margaret janeckiby Margaret Janecki, EPC, Independent Advisor

While 39% of baby boomers agree retirement planning should begin when people enter the workforce, only 9% did that themselves, according to a Scotiabank study.

As of 2014, there are more than six million Canadians who are 65 or over. This group makes up 15.6% of Canada’s population. By 2030, the number will increase to 9.5 million, accounting for 23 % of the population. Statistics Canada reports that in 2011, Canadians lived an average of 81.7 years, up almost 25 years since 1921.

It was also noted that on average, disability that limits physical activities occurs around age 77.

Data from the Canadian Association for Retired Persons (CARP) states that the number of seniors in Canada’s workforce doubled from 300,000 to about 600,000 between 2006 and 2013. This number is expected to grow as more Canadians enter retirement years without a company pension.

The top reasons for boomers staying in the workforce include:

  1. Feeling a desire to stay at work because of the sense of engagement and contribution that paid employment brings;
  2. Working out of necessity to support the household;
  3. Feeling a fear that they will outlive their retirement savings;
  4. Earning extra income to support lifestyle expectations; and
  5. Not having enough money saved up to retire comfortably could result in delays in when they decide to retire.

The top triggers for Boomers to start thinking about retirement are:

  1. When they have enough money;
  2. When their pensions begin; and
  3. When health reasons appear.

Baby boomers are well aware of the benefits to exercising on a regular basis: to improve overall health conditions, lower blood pressure, reduce cholesterol and maintain their youthful glow. But many continue to work out grudgingly and miss the passion that drove them in the sports of their youth.

“Exercise is often perceived as a necessary evil. At the gym, there isn’t a lot of excitement or laughter – people are putting in their time almost as prisoners on their solitary workout stations. They’re working away, and relieved when it’s over,” observed James Gavin*, an Applied Human Sciences Professor with Concordia University.

While team sports and martial arts would appear to be reasonable solutions, boomers are starting to consider themselves too old for such undertakings. Therefore it is paramount for new marketing techniques for physical activity be developed to relay the multiple benefits in health and lifestyle throughout the retirement stages from independency to dependency.

During my years as an Independent Financial Advisor, I have become increasingly aware of the housing, health and care issues that my older clients require.

These concerns prompted me to become a certified Elder Planning Counsellor, so that I could provide my clients with not just financial advice, but health care support and direction as they move from junior seniors to senior seniors.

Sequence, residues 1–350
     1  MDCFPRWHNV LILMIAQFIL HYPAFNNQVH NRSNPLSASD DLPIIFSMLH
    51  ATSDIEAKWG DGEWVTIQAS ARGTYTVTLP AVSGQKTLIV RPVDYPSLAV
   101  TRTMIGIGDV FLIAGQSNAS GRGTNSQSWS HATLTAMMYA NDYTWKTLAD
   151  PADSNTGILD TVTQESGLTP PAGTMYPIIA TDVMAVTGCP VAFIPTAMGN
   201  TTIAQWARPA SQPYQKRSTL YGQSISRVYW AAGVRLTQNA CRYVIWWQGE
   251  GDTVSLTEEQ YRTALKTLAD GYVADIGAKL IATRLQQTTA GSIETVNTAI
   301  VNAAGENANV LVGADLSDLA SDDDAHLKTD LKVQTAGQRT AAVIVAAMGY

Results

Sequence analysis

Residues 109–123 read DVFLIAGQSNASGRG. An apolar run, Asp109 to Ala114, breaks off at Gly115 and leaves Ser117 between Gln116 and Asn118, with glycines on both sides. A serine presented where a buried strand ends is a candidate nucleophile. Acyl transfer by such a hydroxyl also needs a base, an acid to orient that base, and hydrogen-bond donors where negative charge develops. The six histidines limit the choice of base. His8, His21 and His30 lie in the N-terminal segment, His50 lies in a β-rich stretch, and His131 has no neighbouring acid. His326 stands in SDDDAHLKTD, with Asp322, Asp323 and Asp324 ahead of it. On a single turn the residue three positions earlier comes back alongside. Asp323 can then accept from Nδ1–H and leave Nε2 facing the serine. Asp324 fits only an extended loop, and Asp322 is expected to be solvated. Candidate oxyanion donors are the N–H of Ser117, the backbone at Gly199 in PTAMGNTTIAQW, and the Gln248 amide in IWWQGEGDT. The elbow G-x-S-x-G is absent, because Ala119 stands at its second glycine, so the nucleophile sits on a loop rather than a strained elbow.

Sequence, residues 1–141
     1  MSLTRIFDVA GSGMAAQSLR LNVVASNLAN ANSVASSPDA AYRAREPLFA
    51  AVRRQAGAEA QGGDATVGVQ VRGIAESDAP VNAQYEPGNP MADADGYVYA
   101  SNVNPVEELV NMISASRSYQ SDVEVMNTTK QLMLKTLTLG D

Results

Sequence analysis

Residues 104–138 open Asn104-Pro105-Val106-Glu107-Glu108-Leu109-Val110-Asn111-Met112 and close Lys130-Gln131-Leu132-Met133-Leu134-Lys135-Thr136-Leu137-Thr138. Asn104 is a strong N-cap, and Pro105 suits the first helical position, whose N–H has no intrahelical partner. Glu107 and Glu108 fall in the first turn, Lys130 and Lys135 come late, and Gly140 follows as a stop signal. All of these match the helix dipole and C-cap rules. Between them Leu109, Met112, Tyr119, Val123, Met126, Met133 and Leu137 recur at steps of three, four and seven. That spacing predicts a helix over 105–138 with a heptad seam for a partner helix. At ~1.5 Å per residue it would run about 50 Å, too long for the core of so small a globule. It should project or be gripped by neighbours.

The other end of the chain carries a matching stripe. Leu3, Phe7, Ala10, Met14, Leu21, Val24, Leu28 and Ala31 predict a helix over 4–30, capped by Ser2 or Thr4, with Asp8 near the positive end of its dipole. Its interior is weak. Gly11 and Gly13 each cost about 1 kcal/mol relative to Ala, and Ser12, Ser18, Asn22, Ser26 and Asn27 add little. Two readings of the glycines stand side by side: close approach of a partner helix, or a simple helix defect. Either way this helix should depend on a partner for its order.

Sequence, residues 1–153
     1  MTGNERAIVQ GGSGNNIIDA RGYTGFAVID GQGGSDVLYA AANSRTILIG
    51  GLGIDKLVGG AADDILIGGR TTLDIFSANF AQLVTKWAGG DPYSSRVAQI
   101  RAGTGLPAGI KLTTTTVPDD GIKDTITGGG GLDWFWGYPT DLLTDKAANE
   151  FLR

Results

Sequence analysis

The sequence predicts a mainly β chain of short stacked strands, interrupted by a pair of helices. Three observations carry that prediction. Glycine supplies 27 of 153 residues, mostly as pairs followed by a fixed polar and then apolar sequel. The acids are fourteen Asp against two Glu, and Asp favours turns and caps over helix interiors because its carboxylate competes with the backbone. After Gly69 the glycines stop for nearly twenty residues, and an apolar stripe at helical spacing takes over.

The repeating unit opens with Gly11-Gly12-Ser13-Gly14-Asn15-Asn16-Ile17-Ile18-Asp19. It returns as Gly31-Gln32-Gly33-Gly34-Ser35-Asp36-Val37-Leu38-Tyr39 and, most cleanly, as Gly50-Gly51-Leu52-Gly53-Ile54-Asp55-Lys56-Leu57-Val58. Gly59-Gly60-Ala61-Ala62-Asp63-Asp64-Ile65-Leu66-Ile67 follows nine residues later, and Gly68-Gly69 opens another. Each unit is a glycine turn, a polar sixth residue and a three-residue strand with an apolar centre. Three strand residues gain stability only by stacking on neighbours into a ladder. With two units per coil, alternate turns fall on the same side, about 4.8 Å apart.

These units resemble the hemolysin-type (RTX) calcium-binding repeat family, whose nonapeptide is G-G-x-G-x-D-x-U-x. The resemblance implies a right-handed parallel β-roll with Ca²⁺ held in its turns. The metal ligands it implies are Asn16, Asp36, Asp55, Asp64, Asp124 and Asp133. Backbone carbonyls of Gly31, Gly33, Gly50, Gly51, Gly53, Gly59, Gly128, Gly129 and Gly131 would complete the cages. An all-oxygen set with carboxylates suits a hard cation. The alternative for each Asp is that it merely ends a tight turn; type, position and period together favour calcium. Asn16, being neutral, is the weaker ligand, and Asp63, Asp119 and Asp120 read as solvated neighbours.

Housing costs for seniors varies according to the type. Supportive living accommodations, usually in apartment-style buildings, offer independence and privacy, as well as services and the costs vary widely.

Some are condominium units owned by the resident; others are operated by non-profit groups; still others are government housing projects with rents geared toward income.
Retirement homes are privately run, and vary widely in the type of accommodations, services and prices. They currently run between $3,000 and $6,000 a month.
If a senior plans to live with their children, they will need to determine whether the home will have to be modified and the cost of doing so, and whether caregivers will be required.

There are two options for hiring caregivers:

  1. Hiring care aides through an agency will run around $300 a day.
  2. Hiring privately, in which the family, not the agency, becomes the employer, which will come around $6,000 a month.

The advantage of an agency is that it will send a replacement if the regular caregiver becomes ill.

Long Term Care (LTC) homes, commonly known as nursing homes, are for people whose physical and cognitive abilities are severely impaired.

Publicly funded homes are only partly funded by the provincial government. The fees paid by residents vary from province to province.

No matter what stage in life you find yourself in, it is never too late to start building a solid financial plan for your retirement years, which also takes into consideration your health care needs as you grow older.

I would be delighted to sit down with you and discuss how we can customize a plan that will help protect you and your assets from the unexpected.

Margaret Janecki

References: * Motivations for Participation in Physical Activity Across the Lifespan; a study which appeared in The International Journal of Well Being. Vol 4, No 1 (2014)
James Gavin, Matthew Keough, Michael Abravanel, Tatiana Moudrakovski, Madeleine Mcbrearty